Shattuck thinks it’s “an exciting time” as more private-sector companies and public-sector agencies adopt initiatives to hire people on the autism spectrum. His campus has been working with the City of Philadelphia as well as large corporations through the Drexel Transition Pathways, a collection of programs designed to place people with autism in jobs. Part of the work includes helping employers understand what they need to do to get and keep workers with special needs.
“We have this convene, catalyze and coach model where we’ll work with groups of partners in the community, say a large employer like the airport. Then we bring in the school district and maybe the state vocational rehabilitation and Medicaid agencies, and we convene the conversation,” he said. “We have a way of working with groups around problem-solving so that their resources are aligned in a better fashion to achieve better employment outcomes.”
Budget neutrality is one of the most important aspects of the process, Shattuck said. That’s because most companies aren’t opposed to hiring people with autism per se, but they don’t want to spend extra money. Instead, the Drexel program helps companies realign resources, which often leads to better workflow and efficiencies across the board.
“We go into all of these conversations assuming that no one has extra money to put into this,” he said. “I just always start conversations with our business partners like, ‘Look, this will not cost you money. If anything, it will enhance your bottom line because it’s going to make you better at your business.’”
The U.S. unemployment rate fell to 3.8% in February, and many employers report difficulty in finding qualified employees to fill positions. That’s a good reason for companies to think beyond the conventional applicant pool and consider employees who have been overlooked in the past, such as people with autism, Cappelli said.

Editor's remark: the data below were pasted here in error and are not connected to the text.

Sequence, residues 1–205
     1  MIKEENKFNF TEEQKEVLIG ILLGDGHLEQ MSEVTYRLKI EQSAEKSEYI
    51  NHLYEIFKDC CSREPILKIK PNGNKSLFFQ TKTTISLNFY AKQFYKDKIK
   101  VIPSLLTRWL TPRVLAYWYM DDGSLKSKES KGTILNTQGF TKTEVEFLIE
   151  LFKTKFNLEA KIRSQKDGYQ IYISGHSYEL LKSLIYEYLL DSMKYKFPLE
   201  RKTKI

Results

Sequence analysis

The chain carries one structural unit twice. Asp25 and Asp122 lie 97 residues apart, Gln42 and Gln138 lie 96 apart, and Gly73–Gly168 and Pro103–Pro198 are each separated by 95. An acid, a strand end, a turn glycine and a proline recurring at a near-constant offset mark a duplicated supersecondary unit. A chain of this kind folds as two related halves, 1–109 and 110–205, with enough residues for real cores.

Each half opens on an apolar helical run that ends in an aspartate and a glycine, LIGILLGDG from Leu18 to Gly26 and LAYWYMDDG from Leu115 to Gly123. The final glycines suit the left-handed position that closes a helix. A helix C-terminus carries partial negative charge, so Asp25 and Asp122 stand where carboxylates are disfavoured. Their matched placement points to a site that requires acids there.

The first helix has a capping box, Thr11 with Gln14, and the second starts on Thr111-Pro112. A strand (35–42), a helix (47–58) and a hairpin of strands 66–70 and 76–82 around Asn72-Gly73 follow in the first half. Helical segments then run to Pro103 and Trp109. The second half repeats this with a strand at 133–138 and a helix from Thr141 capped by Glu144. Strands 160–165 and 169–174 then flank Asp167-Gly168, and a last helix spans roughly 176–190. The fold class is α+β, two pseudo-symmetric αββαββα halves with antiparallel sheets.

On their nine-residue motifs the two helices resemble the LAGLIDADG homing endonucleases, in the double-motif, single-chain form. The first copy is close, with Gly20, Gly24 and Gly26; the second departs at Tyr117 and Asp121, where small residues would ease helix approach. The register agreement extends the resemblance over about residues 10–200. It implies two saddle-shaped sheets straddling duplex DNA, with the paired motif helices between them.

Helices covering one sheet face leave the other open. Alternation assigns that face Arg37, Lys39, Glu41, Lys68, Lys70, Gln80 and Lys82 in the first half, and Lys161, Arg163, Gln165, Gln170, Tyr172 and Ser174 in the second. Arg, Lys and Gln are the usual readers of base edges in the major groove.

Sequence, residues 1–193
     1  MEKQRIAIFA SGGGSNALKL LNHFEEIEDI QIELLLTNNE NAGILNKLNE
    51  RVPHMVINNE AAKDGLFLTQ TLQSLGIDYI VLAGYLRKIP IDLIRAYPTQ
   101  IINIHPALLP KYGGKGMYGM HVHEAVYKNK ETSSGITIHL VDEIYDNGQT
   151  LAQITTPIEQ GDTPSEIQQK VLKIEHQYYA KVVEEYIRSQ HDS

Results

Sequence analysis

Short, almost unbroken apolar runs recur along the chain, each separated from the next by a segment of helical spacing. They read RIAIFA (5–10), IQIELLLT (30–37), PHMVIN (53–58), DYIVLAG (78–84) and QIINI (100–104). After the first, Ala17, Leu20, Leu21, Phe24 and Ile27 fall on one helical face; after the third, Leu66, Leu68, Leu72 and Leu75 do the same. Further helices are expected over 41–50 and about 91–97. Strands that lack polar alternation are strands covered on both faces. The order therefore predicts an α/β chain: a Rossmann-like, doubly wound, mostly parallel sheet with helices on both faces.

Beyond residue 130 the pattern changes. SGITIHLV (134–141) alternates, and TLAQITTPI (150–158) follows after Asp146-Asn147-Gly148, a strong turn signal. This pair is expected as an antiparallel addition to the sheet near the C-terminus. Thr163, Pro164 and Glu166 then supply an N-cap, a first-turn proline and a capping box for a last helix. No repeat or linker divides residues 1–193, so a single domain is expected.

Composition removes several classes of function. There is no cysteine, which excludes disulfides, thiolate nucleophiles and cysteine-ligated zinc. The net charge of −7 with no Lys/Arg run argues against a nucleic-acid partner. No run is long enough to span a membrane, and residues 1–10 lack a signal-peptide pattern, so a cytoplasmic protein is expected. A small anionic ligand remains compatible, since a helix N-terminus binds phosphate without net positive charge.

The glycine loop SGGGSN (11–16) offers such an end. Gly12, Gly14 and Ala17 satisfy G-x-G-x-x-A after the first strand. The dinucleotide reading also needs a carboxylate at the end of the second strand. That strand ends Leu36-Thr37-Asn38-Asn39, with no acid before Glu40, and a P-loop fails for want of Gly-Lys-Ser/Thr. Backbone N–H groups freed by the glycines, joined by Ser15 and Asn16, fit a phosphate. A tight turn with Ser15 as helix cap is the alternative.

“Sometimes they may think there are a lot of accommodations required, but typically, the accommodations are pretty trivial.”–Peter Cappelli
“One of the ways you could meet your recruitment problems is by raising your wages. But if you don’t want to do that, you’ve got to get more creative on the recruiting side,” he said. “There was a time when [employers] didn’t want anybody who didn’t have a job already. So, this is a good sign, in that sense, for us to make progress in including all kinds of people who have had difficulty getting jobs before.”
The professors also encouraged employers to think more broadly about how and where to employ people with autism. They should not be confined to the back office or the mailroom; they can be great front-office staff.
Shattuck recalled going to renew his license at the Department of Motor Vehicles in suburban Philadelphia and being greeted by an unflappable, extremely pleasant employee with autism who directed him on what steps to take next.
“He was amazing,” he said. “It was actually good for me to see that because I suffer from my own stereotypes and biases, and I need to be challenged on those as well.”
Employment Is Not Charity
Hiring people on the autism spectrum is not something to do out of a sense of guilt or kindness, Shattuck emphasized. He wants employers to understand the deep benefits of having a diverse workforce.
“This is not a charity act to do something nice for a person with autism; this is about having a more inclusive workforce because we value diversity in our society,” he said. “It’s about connecting with your customers.”
Both professors agree that neurodiversity — which expands the definition of diversity to include neurological, social and cognitive function — creates a greater “ecosystem” at work and even helps supervisors become better at their jobs. After all, if they can manage someone who is cognitively different, they can manage anyone.
But Cappelli worries that organizations are confused about neurodiversity and want to hire only people who are a “cultural fit.”
“They rarely define it — what does cultural fit mean? And they can’t agree as to what it would look like,” he said. “It just ends up being code for hiring people who I think are like me or that I’m comfortable with. And for a variety of reasons, we’re more comfortable with people who are more similar to us, at least initially. So, that’s pushing in the other direction. I think it is important for employers to think this through and think about what they really need and go from there.”